Siblings of the Dalai Lama: Jetsun Pema and Thubten Jigme Norbu

  • Laurie Hovell McMillin


The autobiography of Jetsun Pema, one of the Dalai Lama’s sisters, offers the story of what readers might recognize as that of an authentic Tibetan. A Buddhist, a nationalist, and an exile, Pema possesses all the proper attributes, and the broad outlines of her story follow what seems to be a script in these exiles’ tales: the story of her childhood, an account of exile, some relation of her adult life, an expression of her devotion to the Dalai Lama. And, in a gesture that invokes the system of patronage, at the start of her Tibet: My Story, An Autobiography, Pema declares her reasons for writing:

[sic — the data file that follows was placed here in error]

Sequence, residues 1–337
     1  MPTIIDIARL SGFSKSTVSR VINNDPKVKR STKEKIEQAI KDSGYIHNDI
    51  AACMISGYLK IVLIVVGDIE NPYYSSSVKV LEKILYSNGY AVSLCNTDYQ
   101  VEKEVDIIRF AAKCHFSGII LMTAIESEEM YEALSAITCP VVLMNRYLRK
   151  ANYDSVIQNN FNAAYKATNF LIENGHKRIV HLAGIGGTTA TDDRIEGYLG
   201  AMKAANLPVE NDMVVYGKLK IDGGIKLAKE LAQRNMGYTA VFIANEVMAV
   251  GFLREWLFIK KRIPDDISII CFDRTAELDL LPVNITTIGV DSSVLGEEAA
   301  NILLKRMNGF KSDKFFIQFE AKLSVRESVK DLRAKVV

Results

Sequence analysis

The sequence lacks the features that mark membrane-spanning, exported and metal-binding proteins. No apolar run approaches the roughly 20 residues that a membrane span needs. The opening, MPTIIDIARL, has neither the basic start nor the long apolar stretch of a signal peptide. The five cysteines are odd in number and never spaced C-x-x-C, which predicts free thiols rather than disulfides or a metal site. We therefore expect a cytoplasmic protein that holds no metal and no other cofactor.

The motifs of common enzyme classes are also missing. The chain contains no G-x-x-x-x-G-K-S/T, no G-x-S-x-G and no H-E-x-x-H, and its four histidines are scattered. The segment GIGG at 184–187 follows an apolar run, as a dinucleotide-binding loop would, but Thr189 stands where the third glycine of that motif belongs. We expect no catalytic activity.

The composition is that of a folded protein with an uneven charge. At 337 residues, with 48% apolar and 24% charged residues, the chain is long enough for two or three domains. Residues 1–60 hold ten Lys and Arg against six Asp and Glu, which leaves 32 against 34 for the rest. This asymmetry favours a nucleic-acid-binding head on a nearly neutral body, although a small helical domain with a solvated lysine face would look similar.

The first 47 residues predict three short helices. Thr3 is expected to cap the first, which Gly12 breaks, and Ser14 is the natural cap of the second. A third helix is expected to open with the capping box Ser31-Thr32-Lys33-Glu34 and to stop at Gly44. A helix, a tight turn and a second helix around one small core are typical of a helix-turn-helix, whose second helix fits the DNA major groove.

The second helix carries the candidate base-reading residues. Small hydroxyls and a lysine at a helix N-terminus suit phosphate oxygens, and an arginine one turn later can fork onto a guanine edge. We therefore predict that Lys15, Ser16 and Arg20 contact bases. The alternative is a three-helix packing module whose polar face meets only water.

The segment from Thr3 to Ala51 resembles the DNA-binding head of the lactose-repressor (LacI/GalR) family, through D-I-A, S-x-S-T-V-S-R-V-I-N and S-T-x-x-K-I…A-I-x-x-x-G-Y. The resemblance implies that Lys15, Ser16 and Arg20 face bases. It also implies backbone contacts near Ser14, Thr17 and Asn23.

We need the support of other peoples of the world. With the aim of a better understanding of the tragedy which has been plaguing my country, I felt that I could use my own 56–year-long life to tell the story of the suffering of an entire generation ofTibetans. In this way, my account would not be limited to the life of a single Tibetan citizen but would be the story of a whole nation.1

With this identification of “her story” with Tibet’s story, the title of the book gains significance. The colon in the title of the book-Tibet: My Story, An Autobiography—is to be read as an equal sign: Pema’s story is Tibet’s story; Tibet’s story is her story.


Life Story Emotional Speech Hotel Room Chinese Occupation Convent School 
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© Laurie Hovell McMillin 2001

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  • Laurie Hovell McMillin

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